Four Denim Monogramming Tips from Team Madewell

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A zillion years ago, monograms were used to mark territory, stamp property and for artists to leave their marks. Now, the tradition’s softened and personalization is a way to make something you purchase even more yours. Which is exactly why we started monogramming our denim earlier this year. (Who doesn’t want “hola” on a chambray shirt?) But with 18 colors to choose from, it can be hard to pick. Here, we gathered four solid tips from our design team—people who definitely would know. FYI. (Wink.)

  1. Mix your darks and lights.

On light fabric, like white jeans or a chambray shirt, dark thread will really stand out. On dark denim, choose a bright thread—think white and red—so the monogram won’t get lost.

  1. Fun monograms call for fun colors.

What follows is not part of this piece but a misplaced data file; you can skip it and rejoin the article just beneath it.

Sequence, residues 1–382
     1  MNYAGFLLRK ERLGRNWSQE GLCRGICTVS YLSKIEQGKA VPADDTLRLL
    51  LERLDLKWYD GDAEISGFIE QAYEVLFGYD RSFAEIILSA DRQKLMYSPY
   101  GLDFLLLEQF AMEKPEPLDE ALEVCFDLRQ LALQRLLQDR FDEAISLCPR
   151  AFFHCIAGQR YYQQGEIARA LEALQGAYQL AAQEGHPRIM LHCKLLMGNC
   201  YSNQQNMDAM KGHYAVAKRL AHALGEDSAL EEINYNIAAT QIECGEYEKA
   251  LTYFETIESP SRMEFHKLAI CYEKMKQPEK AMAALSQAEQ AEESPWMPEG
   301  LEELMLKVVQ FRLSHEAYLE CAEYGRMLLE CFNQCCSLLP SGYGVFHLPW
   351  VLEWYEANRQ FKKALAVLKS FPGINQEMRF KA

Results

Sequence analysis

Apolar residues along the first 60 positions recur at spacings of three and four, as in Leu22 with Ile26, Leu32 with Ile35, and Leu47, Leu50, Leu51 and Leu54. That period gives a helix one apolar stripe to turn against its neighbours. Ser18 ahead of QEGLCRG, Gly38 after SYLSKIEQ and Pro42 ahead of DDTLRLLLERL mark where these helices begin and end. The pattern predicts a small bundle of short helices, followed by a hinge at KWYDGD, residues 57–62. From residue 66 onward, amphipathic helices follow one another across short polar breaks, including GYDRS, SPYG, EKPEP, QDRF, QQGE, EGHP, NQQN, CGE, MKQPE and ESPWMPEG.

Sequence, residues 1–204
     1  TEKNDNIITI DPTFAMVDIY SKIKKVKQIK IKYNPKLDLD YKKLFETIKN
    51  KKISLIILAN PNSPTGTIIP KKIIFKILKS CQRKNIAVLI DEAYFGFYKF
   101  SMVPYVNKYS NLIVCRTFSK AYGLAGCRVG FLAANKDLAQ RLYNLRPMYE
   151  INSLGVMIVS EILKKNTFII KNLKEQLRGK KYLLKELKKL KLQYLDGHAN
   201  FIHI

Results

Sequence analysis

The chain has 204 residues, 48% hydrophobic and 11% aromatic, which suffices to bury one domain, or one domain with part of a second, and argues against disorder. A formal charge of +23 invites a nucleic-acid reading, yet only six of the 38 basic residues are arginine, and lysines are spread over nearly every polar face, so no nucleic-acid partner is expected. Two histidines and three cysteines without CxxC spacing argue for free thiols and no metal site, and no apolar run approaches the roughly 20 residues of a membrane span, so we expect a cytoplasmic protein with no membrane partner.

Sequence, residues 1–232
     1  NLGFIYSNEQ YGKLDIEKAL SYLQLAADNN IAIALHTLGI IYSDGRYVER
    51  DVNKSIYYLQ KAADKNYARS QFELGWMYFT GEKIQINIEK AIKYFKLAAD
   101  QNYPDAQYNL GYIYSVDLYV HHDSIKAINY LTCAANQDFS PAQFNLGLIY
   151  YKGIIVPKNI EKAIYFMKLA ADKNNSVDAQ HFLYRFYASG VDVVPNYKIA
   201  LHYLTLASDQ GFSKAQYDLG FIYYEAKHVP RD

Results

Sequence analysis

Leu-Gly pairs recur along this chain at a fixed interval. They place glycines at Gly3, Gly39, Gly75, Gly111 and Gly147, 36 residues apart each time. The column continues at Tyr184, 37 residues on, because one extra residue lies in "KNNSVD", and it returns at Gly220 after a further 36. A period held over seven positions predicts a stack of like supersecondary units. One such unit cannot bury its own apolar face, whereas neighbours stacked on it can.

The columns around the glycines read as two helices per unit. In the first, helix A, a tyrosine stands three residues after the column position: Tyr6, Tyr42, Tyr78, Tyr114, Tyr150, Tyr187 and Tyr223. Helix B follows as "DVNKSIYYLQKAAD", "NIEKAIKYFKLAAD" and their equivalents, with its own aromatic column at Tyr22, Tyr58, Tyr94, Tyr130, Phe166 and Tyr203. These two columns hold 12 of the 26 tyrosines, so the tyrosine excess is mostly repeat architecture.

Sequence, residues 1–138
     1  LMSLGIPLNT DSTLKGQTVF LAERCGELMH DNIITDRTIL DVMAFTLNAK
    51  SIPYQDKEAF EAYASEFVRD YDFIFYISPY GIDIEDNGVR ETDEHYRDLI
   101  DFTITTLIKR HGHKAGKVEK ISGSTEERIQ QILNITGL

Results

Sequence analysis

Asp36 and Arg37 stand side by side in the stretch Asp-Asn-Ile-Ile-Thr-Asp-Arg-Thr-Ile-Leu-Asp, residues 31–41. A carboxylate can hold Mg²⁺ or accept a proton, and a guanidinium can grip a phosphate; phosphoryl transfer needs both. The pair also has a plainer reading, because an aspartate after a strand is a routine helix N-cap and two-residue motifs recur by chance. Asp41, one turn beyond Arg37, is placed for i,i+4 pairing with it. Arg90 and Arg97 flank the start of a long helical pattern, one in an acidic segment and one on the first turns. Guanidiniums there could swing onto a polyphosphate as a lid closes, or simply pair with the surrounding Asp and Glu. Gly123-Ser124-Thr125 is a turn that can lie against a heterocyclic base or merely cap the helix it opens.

There’s something about stitching “Burrito”—the name of our writer’s dog—onto a jean jacket that makes a bright orange feel just right. On the flip side, initials and timeless monograms look, well, timeless in less attention-getting hues, like navy.

  1. Longer words look better on waistbands.

If your desired monogram’s longer than six letters, think about having it stitched on your waistband. Smaller areas of real estate like a breast pocket are great for three-letter words or initials.

  1. Make your monogram disappear.

We know, we know—this is the opposite of the first point we made, but hear us out. Some pieces of clothing are special because of their almost-invisible details. A “camouflaged” monogram is exactly that: something textured and touchable but unnoticeable from far away. If, for you, the idea of a monogram feels all too traditional, try dark indigo with navy thread, black denim with black thread or a white shirt with white thread. It’s the quietest way to make a statement.

And a few “recipes” we’ve used (that you can get yourself):

Chambray + navy

White + orange

Black denim + canary yellow

White + kelly green

Grey + sky blue

Classic indigo + red

Shop our Denim Bar and get all the details on denim monogramming.